In the weeks following Michael Jackson’s death, more than 150,000 people commented on his Facebook wall and MySpace page. Some were straightforward (“I like the song beat it”); some were heartfelt (“Michael Jackson, you are the biggest love of my life”); and some spoke Italian (“Michael sei un grande, ti adoro e ti amerò x sempre. SEI UN MITO!!!!!!!!!!”). By and large, they had all gathered in the same place, at roughly the same time, to mourn the death of an icon–much as they would for a candlelight vigil.
Meanwhile, on Twitter, the conversation was site-crashingly prolific.
Given the mourning precedents set by Facebook and MySpace, you’d think many–if not most–Twitter users would eulogize the King of Pop, or simply convey sadness. Not quite. According to Elsa Kim and Sam Gilbert, who spent weeks analyzing roughly 1.9 million Jackson tweets (and published their findings today):
As a loosely organized messaging network, Twitter does not operate as a “memorial” akin to clearly delimited online spaces like MySpace and Facebook. Given the short-lived nature of data on Twitter (the tweets [we analyzed] are no longer available in Twitter’s search, which only goes back roughly a week), users appear more inclined to report Jackson’s death as a current event and less inclined to memorialize or collectively grieve. Furthermore, Twitter appears to be a far more “personal” medium than other online spaces: tweeters tended to comment on sadness as individuals watching the public reaction instead of commiserating with particular friends or communities.
In other words: Twitter has handicapped our ability to mourn.
At its core, this conclusion isn’t groundbreaking. Back in April, scientists claimed that “rapid-fire news updates and instant social interaction are too fast for the ‘moral compass’ of the brain to process.” As a result, they argued, heavy Twitter users “could become indifferent to human suffering, because they never get time to reflect and fully experience emotions about other people’s feelings.”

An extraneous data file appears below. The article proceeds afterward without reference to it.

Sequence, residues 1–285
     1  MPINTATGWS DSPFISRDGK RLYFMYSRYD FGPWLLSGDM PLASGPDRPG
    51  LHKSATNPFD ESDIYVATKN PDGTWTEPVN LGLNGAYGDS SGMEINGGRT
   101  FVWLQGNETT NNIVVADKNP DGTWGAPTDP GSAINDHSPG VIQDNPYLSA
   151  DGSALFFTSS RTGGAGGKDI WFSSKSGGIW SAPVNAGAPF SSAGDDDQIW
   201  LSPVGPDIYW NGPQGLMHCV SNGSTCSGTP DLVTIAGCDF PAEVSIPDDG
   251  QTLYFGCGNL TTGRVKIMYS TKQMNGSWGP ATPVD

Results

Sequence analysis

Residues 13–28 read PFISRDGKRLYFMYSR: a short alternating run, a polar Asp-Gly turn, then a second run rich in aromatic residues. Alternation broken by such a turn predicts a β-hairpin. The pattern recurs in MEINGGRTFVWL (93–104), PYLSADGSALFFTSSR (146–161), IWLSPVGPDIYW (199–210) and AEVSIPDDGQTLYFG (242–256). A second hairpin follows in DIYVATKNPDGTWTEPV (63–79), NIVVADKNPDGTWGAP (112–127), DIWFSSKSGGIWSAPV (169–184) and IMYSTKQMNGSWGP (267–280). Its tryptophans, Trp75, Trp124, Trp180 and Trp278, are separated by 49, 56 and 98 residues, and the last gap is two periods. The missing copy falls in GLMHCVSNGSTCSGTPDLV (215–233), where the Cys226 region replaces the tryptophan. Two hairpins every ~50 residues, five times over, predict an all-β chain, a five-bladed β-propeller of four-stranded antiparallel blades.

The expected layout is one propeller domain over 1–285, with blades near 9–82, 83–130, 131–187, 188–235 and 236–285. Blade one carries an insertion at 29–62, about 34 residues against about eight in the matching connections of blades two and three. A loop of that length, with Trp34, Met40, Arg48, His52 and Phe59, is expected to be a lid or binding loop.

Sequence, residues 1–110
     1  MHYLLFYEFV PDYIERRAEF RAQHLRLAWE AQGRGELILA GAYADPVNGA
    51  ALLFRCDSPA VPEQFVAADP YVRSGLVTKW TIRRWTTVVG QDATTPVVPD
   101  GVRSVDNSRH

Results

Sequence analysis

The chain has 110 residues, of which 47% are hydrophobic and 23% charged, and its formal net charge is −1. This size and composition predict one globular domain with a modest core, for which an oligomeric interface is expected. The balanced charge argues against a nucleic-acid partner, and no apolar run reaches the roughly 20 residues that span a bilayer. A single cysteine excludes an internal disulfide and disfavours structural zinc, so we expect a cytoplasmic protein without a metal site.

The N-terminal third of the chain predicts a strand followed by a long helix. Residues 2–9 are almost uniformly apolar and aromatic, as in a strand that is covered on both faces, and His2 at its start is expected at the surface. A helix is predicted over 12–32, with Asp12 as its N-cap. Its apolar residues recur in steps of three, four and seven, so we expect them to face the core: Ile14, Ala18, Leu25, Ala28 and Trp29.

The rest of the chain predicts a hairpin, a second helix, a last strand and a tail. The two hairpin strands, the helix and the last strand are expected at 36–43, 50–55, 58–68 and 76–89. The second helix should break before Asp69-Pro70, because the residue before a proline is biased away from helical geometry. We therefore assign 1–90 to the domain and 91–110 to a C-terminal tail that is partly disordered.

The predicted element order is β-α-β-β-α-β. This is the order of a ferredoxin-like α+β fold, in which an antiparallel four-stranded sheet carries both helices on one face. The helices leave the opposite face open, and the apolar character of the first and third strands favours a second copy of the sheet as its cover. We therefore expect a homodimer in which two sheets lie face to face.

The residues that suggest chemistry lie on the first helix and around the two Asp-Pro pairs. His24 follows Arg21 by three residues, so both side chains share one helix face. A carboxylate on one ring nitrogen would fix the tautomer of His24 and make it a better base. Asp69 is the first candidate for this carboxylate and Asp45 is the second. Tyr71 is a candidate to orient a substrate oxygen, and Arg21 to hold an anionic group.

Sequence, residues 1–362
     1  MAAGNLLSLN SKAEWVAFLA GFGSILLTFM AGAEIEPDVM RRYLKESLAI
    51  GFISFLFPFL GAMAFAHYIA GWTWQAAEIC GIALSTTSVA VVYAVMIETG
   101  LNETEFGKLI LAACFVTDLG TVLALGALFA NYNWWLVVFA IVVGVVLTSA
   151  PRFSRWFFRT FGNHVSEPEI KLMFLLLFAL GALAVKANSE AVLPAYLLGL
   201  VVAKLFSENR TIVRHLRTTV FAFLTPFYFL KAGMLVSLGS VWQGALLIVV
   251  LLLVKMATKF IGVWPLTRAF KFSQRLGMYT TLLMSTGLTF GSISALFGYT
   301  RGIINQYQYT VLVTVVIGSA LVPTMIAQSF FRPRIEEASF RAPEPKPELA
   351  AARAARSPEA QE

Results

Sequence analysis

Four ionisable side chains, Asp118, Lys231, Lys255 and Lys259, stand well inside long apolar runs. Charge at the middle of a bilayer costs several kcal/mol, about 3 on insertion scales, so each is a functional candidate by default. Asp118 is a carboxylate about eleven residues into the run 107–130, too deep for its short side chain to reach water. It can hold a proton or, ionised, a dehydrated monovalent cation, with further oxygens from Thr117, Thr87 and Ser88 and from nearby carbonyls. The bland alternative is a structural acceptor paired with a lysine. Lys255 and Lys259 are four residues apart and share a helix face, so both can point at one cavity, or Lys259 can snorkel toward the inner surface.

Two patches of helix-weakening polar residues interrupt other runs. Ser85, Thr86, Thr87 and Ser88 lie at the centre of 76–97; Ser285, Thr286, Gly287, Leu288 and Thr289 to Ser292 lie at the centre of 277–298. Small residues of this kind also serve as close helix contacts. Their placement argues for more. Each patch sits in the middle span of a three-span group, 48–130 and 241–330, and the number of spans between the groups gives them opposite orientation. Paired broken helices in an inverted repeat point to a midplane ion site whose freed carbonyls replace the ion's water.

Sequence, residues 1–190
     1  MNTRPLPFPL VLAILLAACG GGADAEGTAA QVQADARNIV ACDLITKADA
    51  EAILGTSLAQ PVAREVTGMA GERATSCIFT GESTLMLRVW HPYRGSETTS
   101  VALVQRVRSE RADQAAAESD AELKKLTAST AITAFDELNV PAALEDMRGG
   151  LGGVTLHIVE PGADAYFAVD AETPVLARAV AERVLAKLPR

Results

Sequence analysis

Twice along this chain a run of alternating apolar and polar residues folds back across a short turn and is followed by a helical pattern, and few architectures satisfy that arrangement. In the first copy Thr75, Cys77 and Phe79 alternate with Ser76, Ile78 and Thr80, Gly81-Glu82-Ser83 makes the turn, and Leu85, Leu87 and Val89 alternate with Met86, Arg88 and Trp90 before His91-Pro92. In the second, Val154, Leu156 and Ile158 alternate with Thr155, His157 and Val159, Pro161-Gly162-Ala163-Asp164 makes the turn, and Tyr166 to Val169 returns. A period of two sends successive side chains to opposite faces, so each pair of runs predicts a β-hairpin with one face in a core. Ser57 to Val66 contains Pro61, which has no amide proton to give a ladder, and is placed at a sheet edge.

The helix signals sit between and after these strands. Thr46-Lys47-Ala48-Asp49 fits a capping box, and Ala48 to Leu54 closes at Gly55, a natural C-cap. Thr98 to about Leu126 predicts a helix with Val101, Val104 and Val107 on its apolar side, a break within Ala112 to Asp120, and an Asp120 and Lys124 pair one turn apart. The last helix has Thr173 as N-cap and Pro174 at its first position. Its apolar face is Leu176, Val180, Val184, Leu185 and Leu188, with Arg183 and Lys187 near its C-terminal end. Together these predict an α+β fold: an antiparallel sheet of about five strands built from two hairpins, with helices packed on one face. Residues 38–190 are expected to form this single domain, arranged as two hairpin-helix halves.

Still, it’s startling to see the theory in practice. To point: Only 2.3%, or 44,000, of the tweets Kim and Gilbert studied contained the word “sad.” Of those, a sizable chunk mentioned it while cracking jokes (“Michael Jackson, Billy Mays, and now XHTML 2–so very, very sad…”); making observations (“Saddened and unsurprised watching the prices change on Michael Jackson CDs in second hand shops.”); sharing unrelated information (“Shocked by Michael Jackson’s death. Such a sad, sad day. Going out for a couple of sales calls, late.”); and, um, wishing for merchandise (“Sadd… i love Michael Jackson…!! rest in peace… my mom better buy me a MJ T-shirt……”).
I suppose you could argue that we all grieve in different ways, and Twitter simply reflects that. But so many of these comments seem downright callous, especially when compared to the paragraph-long tributes on Facebook and MySpace. Accordingly, I’m inclined to agree with blogger Joanne McNeil, who recently argued that Twitter has numbed our emotions, especially with regard to mortality: “Death is just something [users] think about until the next 140-character tweet appears.”
Not that I’m in a position to judge. On June 25, I was too busy Twittering about other peoples’ sadness to reflect on my own. “Just saw death confirmation on LA Times, hearing random MJ music all over the office,” I wrote. “Definitely feels like one of ‘those’ moments.”